Keya Das’s Second Act by Sopan Deb

Published: July 5, 2022

Simon & Schuster

Pages: 284

Genre: Asian American Literature

KKECReads Rating: ⭐️⭐️⭐️⭐️⭐️

I received a copy of this book for free, and I leave my review voluntarily.

Sopan Deb is a writer for The New York Times, where he has covered culture and basketball. He is also a New York City-based comedian. Before joining the Times, Deb was one of a handful of reporters who covered Donald Trump’s presidential campaign from start to finish as a campaign embeds for CBS News. He covered hundreds of rallies in more than 40 states for a year and a half and was named a “breakout media star” of the election by Politico.

Shantanu Das is living in the shadows of his past. In his fifties, he finds himself isolated from his traditional Bengali community after a devastating divorce from his wife, Chaitali; he hasn’t spoken to his eldest daughter Mitali in months; and most painfully, he lives each day with the regret that he didn’t accept his teenaged daughter Keya after she came out as gay. As the anniversary of Keya’s death approaches, Shantanu wakes up one morning utterly alone in his suburban New Jersey home and realizes it’s finally time to move on.

This is when Shantanu discovers a tucked-away box in the attic that could change everything. He calls Mitali and pleads with her to come home. She does so out of pity, not realizing that her life is about to shift.

Inside the box is an unfinished manuscript that Keya and her girlfriend were writing. It’s a surprising discovery that brings Keya to life briefly. But Neesh Desai, a new love interest for Mitali with regrets of his own, comes up with a wild idea, one that would give Keya more permanence: what if they are to stage the play? It could be an homage to Keya’s memory, and a way to make amends. But first, the Dases need to convince Pamela Moore, Keya’s girlfriend, to give her blessing. And they have to overcome ghosts from the past they haven’t met yet.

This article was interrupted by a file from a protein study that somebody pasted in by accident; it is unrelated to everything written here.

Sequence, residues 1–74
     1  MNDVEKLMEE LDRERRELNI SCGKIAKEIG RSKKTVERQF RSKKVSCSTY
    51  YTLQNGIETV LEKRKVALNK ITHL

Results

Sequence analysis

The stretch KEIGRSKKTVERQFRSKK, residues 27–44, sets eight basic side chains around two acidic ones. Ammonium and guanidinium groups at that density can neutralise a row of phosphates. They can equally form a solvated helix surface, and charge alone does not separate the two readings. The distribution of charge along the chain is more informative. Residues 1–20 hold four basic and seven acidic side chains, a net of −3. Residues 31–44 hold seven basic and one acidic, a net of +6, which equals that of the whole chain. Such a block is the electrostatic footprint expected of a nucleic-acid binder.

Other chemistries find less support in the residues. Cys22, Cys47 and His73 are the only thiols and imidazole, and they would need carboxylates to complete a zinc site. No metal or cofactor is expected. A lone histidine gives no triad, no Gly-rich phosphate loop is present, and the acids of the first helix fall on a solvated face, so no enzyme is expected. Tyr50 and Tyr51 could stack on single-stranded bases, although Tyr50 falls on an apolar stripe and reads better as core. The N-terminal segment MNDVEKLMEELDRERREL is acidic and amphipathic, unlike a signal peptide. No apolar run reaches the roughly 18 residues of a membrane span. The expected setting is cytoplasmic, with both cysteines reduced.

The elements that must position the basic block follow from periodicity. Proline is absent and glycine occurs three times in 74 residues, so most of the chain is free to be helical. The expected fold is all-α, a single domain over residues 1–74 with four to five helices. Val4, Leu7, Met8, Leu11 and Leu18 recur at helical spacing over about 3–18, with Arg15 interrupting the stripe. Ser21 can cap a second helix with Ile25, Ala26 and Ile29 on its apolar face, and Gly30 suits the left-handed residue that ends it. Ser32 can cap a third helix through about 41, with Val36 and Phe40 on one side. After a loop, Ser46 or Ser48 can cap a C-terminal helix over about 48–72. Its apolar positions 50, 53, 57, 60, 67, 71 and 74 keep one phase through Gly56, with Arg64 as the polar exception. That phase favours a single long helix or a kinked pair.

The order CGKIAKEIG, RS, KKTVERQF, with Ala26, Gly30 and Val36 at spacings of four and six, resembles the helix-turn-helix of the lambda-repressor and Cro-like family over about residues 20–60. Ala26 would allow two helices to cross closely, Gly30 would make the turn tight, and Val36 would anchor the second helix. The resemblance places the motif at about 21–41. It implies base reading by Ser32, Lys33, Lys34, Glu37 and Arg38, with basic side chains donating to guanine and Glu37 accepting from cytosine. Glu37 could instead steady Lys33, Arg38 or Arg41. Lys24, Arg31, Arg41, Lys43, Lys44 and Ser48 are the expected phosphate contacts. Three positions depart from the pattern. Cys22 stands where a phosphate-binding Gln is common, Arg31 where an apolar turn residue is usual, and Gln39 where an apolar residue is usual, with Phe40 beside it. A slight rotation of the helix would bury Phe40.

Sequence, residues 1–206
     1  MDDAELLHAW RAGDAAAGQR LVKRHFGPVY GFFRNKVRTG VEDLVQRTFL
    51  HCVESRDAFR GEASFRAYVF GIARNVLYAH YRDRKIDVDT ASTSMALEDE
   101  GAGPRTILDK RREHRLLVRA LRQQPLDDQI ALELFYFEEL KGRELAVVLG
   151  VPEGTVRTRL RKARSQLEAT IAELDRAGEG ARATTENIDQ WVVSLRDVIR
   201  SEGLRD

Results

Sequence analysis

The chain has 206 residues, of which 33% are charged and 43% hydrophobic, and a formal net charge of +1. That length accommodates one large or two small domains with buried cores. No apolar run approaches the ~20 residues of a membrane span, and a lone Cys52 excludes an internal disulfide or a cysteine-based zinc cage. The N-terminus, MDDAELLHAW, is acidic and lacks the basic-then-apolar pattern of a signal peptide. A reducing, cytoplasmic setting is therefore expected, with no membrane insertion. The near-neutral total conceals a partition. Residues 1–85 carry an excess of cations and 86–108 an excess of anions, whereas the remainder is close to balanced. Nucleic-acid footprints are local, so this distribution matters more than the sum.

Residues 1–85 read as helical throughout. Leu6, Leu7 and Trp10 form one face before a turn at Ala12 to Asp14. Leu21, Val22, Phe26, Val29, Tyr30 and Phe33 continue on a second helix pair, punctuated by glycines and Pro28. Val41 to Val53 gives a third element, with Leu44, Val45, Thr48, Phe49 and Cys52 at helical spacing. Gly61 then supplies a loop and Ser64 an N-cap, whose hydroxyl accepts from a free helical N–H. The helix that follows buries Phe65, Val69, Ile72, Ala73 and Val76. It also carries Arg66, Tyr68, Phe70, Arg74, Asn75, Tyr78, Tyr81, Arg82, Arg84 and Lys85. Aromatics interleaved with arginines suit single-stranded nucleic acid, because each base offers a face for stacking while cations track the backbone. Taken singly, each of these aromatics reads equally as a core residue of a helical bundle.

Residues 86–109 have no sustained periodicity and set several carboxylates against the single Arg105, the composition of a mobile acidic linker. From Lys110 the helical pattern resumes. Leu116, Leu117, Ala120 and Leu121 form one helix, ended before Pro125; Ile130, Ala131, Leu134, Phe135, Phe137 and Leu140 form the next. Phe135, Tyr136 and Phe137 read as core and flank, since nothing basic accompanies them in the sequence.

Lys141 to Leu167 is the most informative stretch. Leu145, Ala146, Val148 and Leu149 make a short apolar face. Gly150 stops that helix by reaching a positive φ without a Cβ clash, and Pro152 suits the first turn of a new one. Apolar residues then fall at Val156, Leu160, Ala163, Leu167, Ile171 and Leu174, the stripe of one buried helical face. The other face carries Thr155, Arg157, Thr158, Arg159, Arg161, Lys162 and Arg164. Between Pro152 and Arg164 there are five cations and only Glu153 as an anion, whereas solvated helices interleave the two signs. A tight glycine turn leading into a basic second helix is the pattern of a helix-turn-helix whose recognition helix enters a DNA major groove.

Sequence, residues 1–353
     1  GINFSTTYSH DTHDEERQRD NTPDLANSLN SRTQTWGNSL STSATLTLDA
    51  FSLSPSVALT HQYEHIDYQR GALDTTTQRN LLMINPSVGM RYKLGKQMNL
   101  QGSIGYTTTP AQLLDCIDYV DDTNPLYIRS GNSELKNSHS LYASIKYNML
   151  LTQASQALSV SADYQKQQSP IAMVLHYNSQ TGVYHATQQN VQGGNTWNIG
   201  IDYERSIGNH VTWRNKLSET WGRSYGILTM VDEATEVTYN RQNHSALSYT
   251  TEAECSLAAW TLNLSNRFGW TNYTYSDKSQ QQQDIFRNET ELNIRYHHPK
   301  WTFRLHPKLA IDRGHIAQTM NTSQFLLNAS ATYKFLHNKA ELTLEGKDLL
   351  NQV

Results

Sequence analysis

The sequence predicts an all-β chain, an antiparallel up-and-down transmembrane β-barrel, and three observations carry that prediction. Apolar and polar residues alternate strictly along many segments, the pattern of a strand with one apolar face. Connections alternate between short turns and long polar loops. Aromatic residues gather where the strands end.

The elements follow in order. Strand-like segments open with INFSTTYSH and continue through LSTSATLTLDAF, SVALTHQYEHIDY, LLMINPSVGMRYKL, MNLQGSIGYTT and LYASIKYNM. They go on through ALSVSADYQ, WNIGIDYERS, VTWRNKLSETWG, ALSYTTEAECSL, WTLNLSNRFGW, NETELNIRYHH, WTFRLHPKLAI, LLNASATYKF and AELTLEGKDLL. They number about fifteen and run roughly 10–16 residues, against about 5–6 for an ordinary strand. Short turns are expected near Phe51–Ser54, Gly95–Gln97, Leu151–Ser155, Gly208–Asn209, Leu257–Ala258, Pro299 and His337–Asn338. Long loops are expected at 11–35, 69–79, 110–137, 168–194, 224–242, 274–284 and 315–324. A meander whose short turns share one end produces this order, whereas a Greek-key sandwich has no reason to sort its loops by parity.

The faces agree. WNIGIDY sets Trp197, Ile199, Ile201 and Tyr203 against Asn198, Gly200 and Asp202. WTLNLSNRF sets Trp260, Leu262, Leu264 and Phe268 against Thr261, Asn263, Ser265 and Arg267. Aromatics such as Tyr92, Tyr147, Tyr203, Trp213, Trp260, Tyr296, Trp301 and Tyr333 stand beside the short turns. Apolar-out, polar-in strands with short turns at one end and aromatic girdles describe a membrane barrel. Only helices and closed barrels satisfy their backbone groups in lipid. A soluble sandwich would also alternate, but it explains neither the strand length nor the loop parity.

“The answer you want to give and the truth are two different things.”

Shantanu Das has lived a difficult life for the past couple of years. His youngest daughter died in a car accident, and they had a falling out before the accident. His wife divorced him. His oldest daughter was distant. He was going through the motions. Until he discovered a box of Kaya’s writing in the attic. And suddenly, new life was breathed into the Das family and close friends. Sometimes, forgiving yourself for mistakes you’ve made is the hardest lesson to learn.

I really enjoyed this novel. As a Caucasian female, I loved learning about Bengali culture. It was fascinating. The traditions, the attire, the familial roles. Beautifully delivered and expertly delivered.

This story was heavy. But in such a heartbreakingly beautiful way. This was a journey of forgiveness, acceptance, growth, and learning that it’s okay for life to continue after the tragedy.

I e joyed each of these characters and found their roles so brilliantly written. Everyone has a past, everyone makes mistakes, and it’s okay to learn and grow and move on.

Moving on doesn’t mean forgetting. When this theme appeared, I felt like it slapped me in the face. The last several chapters in this novel were so heartfelt and truly powerful.

The ending was really just a fresh start. A release. A freedom that was truly deserved and had been hard-earned. Everything about this journey was personal and powerful.

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